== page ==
The question lies in whether making the patterns clear is a job for the sensor or a job for the “brain”. If it is a sensor job, then I should go to find some docs about Atari’s structure and get the data out for my agent. It’s like if we don’t have lenses in our eyes, there is no way our brains can see. Physics laws block that.But if it is a job for the “brain”, I needn’t(shouldn’t) do anything to the data. Getting the data manually is like building an “intelligent” talkbot by telling it "if the user says hello you say hi, if the user says how are you you say fine…"Giving computers data in a human-crafted way (i think) is not the way to achieve a general AI(that’s what I am trying to get with HTM. When it comes to single-purpose AIs , Back Propagation and those CNNs are far ahead of us.). Why AlphaGo can only play Go?Because humans only passed it data in a way that can only pass a Go Board through.

But what if the last bit in one of the bytes actually represents a boolean that corresponds to one of the dots being eaten or not? (another contrived example). It’s going to end up overlapping heavily with an adjacent scalar value when there should be no overlap.

This is something I’m afraid of. When “difference” becomes “similarity”, no intelligent system can work. But at least overlapping heavily isn’t overlapping completely…I must make a wild guess that maybe my agent will figure it out if I stick to the original Ram…Terrified

I don’t know how much you intend to borrow from that other thread you linked, to be honest most of it is well over my head. But I’ll assume you want your HTM system to be able to learn sequences from the game so that it can predict an upcoming negative outcome and avoid it - am I close?

I created my regions and connections based on brain structure. I have dug into those wikipedia pages and citations on the page for a half year, trying to get a clear image of how information is flowed in the brain. This is different from normal programming because I don’t think fully understanding how this program completes tasks is possible. I programs to a state when enough resources are given to the agent so that it is “possible” for it to complete tasks. I only make guesses about why this should work.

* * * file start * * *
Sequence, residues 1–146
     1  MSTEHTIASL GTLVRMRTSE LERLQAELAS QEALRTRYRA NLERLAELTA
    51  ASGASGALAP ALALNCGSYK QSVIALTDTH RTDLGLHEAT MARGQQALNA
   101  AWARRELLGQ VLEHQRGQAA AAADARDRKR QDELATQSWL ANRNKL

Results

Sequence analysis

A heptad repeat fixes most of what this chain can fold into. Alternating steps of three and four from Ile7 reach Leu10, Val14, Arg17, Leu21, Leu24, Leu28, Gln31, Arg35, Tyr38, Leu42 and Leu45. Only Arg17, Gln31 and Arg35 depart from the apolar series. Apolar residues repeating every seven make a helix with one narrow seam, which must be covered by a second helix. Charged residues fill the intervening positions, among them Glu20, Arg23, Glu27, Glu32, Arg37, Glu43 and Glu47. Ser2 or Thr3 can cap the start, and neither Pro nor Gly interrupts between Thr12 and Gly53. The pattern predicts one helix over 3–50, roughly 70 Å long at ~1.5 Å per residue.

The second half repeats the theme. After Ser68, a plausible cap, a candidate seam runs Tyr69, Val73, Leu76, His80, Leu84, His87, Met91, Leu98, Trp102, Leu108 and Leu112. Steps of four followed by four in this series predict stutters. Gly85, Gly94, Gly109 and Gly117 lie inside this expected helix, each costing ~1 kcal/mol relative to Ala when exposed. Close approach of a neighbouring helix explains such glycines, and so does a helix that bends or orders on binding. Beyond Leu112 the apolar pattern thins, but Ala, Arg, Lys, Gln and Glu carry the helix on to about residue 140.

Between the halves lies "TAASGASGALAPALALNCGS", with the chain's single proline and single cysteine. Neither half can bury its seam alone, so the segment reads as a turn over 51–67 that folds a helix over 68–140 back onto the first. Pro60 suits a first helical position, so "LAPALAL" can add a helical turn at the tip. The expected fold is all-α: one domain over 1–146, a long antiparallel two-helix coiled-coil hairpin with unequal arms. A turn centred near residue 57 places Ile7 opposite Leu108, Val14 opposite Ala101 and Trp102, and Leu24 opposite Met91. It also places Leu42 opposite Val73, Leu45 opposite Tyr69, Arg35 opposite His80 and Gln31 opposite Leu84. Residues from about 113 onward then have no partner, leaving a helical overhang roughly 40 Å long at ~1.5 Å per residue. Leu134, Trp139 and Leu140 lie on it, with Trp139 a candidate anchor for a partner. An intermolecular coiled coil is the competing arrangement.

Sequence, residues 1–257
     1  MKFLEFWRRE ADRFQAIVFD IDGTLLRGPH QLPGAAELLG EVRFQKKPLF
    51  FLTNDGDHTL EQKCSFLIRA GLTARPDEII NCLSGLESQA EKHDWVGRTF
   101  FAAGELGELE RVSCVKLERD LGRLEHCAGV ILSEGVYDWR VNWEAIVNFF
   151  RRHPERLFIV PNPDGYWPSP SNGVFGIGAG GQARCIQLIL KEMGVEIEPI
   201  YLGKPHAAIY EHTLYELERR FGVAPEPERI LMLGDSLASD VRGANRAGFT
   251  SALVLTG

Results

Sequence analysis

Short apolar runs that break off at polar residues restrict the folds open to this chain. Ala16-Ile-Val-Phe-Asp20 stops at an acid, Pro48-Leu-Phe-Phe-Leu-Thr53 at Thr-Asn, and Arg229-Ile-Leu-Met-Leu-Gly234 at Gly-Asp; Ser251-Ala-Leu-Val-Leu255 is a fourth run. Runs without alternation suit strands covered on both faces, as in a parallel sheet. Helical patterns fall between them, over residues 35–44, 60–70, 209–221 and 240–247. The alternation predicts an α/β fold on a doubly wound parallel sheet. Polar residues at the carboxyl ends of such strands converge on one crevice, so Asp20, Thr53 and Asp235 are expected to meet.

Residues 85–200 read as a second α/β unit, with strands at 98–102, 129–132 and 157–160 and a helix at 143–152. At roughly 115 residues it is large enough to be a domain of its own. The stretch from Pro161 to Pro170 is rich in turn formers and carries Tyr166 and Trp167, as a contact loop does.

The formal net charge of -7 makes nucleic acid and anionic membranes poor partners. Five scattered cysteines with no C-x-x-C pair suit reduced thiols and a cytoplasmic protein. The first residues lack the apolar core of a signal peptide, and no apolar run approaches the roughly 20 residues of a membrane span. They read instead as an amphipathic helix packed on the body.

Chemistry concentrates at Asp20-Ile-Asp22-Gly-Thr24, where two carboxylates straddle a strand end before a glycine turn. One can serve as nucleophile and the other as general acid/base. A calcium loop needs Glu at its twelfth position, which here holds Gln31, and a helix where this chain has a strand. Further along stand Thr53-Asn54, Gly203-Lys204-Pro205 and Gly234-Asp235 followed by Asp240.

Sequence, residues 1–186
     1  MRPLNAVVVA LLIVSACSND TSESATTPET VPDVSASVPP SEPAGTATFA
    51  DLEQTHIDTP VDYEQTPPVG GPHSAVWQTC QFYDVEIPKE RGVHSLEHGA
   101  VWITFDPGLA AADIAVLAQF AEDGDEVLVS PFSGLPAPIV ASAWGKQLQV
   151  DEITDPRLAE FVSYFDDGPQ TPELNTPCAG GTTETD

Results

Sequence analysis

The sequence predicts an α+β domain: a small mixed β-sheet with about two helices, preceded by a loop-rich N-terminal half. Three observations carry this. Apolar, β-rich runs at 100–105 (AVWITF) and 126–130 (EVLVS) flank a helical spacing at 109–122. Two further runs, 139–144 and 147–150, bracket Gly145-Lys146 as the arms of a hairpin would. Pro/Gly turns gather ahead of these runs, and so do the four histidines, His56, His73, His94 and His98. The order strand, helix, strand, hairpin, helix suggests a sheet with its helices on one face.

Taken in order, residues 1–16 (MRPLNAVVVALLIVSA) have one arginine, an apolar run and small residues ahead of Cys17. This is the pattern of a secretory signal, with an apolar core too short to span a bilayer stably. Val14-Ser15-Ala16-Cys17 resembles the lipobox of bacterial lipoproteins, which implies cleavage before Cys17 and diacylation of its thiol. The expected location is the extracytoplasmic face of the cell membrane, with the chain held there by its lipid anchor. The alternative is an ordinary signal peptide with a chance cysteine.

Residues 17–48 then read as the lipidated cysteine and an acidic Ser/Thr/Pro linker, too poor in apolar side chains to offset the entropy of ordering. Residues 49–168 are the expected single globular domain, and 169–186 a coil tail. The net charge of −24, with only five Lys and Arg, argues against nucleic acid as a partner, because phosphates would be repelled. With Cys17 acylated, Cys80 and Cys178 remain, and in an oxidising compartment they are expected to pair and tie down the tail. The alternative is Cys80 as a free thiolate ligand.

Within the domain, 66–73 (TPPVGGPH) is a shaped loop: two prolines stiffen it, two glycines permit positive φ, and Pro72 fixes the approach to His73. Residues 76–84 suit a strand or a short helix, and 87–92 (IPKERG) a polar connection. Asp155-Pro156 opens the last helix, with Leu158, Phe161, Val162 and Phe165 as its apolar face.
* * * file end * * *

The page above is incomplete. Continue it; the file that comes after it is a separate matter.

1.Open the learning of the regions, and neurons will be “happy” to predict right. Here define “happiness” as a tendency to keep the current state. This is where intrinsic rewards comes from.
2.Send in the normal reward by releasing dopamine on D1 and D2 MSNs, the details are based on biological facts.
3.Plug the output back to the input to let the agent “self-aware”. (Literally, self-aware :slight_smile:) (Biological base: efferent copy)

All the details are settled, but the programing just started. I’m only trying, nothing is proved yet.

if you’re lucky then someone who’s actually attempted RL in HTM will chime in with something a little more helpful

@sunguralikaan did an amazing job


maybe I can ask @sunguralikaan about how to deal with vision on this specific task.


#6

Agreed, but currently HTM is mostly focused on the common learning algorithm present in the neocortex. This means that for now, the encoding of raw sensory input that occurs in other areas is emulated via this human-crafting, because exactly how they are encoded would vary across the different sensory modalities (arguably the neocortex is being fed encoded data in a nature-crafted way).